The direct consequence of war was the evolution of warfare tactics and weaponry. The armies that went to war in 1914 equipped with cloth caps, horses, sabers, and rifles with bayonets—would have looked reasonably familiar to witnesses of wars from decades earlier. A combination of machine guns, barbed wire, and increasingly complex systems of concrete-reinforced trenches created a new picture of war by the end of the conflict. Battle tanks, air fighters, submarines had a decisive impact. It was expected that WWII would be a chemical war. This was not a case, and the role of battle tanks and air fighters was decisive. Add to this battle grenades, helmets, trenches (and even trench coats).
Battle tank history began in 1916. The British army brought 49 machines, or “landships,” against the Germans. These steel monsters terrified the infantry solders who witnessed saw them for the first time, though their deployment did not have a significant effect on the course of the war. The next spring, the French rolled out their own battle tanks with similarly mixed results. This, however, did not stop countries from constructing and improving on tank design. They showed their real capabilities in WWII and are still in service today.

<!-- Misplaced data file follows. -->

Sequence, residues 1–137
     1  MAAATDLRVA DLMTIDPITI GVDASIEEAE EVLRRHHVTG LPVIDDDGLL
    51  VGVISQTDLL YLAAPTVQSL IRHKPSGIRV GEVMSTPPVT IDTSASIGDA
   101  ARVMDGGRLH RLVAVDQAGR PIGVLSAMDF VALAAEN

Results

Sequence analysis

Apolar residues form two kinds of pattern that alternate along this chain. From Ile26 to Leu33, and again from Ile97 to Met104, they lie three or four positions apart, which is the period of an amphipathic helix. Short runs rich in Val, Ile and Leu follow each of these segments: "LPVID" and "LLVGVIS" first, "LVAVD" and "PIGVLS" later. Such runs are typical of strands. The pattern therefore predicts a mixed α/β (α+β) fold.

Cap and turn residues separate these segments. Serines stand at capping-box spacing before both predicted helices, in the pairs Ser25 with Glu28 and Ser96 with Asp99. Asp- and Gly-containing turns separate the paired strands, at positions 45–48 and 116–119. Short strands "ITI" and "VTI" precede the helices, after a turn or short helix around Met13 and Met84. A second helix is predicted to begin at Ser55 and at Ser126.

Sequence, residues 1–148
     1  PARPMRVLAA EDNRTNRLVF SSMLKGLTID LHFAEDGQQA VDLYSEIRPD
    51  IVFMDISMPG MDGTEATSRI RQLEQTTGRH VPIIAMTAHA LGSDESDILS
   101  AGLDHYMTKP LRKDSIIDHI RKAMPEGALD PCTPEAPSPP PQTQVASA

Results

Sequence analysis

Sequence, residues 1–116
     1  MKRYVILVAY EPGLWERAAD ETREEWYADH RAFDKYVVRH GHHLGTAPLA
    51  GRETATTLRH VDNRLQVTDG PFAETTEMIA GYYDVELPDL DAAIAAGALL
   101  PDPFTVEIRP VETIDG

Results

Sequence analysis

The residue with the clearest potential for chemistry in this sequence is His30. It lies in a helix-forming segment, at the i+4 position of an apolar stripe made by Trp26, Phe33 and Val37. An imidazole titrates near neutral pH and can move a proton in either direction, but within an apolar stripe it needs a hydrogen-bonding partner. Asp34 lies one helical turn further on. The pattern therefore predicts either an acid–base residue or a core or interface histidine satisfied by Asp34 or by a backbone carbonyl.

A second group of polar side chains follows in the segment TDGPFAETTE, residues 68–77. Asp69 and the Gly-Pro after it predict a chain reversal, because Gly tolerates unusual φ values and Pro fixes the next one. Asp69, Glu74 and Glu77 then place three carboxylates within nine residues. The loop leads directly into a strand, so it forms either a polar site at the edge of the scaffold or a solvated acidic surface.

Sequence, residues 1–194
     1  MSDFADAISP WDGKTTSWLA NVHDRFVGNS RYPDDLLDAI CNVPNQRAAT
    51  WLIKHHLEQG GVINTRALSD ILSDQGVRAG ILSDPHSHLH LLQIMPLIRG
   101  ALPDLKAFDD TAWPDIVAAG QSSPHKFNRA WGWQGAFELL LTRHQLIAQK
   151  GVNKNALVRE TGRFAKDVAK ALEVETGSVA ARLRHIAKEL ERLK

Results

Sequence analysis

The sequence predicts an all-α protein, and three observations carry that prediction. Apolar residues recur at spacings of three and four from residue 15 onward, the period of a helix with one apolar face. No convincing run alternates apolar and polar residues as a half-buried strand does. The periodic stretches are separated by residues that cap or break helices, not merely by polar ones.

The suffering and varied injuries of the wounded inspired new developments in medicine. One of them, plastic surgery, helped many injured combatants save face, literally.
Warfare was not the only area radically affected by the war. It brought new ideas into everyday life, culture, and the arts. Expressionism, Dadaism, constructivism, surrealism – these were new ideas. Even then, one dictator called these trends in art "degeneration," but art lives longer than dictators. Crouching in a trench or exchanging gunfire with the enemy, soldiers hardly had the time to grab a watch from their pocket, open the case and check the time. The wristwatch was invented. Now, practically everyone has one. In 1920, the League of Nations held a meeting that standardized travel permits the warring countries had introduced. The Paris Conference on Passports, Customs Formalities and Through Tickets first defined the passport guidelines and the booklet design still used all over the world today.
It’s worth knowing that one of the inventions of WWI is daylight savings. The practice was introduced in 1916 as a temporary measure to save candles.Though sometimes nothing is more eternal, than temporary measures. Daylight savings was first introduced by the Germans, followed by the British, the French, and the Americans. It was later forgotten and re-introduced a few decades ago. Maybe as temporary measure again… but it's still in use.
Finally we – Lithuanians – are the product of this horrible war. Lithuanian intellectuals successfully sized the opportunity to create the Lithuanian nation state. The geopolitical situation then was good enough to do it. Independent Lithuania had ups and downs, successes and troubles, nevertheless, it will soon celebrate its own 100-year anniversary.
Egidijus Vareikis is an MP and member of the conservative Homeland Union-Lithuanian Christian Democrats.